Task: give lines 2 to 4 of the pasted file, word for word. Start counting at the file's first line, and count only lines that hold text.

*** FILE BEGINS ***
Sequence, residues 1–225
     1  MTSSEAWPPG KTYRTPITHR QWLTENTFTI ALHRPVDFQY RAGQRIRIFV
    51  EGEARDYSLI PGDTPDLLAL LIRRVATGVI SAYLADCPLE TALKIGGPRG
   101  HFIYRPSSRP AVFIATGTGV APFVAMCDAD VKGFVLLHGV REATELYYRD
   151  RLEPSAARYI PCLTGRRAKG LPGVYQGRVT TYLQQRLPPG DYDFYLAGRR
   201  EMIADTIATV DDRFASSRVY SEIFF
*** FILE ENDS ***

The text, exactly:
     1  MTSSEAWPPG KTYRTPITHR QWLTENTFTI ALHRPVDFQY RAGQRIRIFV
    51  EGEARDYSLI PGDTPDLLAL LIRRVATGVI SAYLADCPLE TALKIGGPRG
   101  HFIYRPSSRP AVFIATGTGV APFVAMCDAD VKGFVLLHGV REATELYYRD